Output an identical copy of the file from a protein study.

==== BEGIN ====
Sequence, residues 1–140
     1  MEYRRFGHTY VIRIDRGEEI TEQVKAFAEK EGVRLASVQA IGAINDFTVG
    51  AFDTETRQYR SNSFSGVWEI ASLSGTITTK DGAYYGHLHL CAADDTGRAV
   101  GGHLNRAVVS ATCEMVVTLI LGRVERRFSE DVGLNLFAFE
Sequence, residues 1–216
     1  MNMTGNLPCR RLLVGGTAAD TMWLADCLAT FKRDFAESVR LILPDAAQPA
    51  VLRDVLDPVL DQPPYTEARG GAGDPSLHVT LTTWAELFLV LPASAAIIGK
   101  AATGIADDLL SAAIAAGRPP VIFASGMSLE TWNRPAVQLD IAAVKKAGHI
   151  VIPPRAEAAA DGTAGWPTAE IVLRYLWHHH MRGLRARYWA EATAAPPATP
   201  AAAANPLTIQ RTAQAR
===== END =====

Sequence, residues 1–140
     1  MEYRRFGHTY VIRIDRGEEI TEQVKAFAEK EGVRLASVQA IGAINDFTVG
    51  AFDTETRQYR SNSFSGVWEI ASLSGTITTK DGAYYGHLHL CAADDTGRAV
   101  GGHLNRAVVS ATCEMVVTLI LGRVERRFSE DVGLNLFAFE
Sequence, residues 1–216
     1  MNMTGNLPCR RLLVGGTAAD TMWLADCLAT FKRDFAESVR LILPDAAQPA
    51  VLRDVLDPVL DQPPYTEARG GAGDPSLHVT LTTWAELFLV LPASAAIIGK
   101  AATGIADDLL SAAIAAGRPP VIFASGMSLE TWNRPAVQLD IAAVKKAGHI
   151  VIPPRAEAAA DGTAGWPTAE IVLRYLWHHH MRGLRARYWA EATAAPPATP
   201  AAAANPLTIQ RTAQAR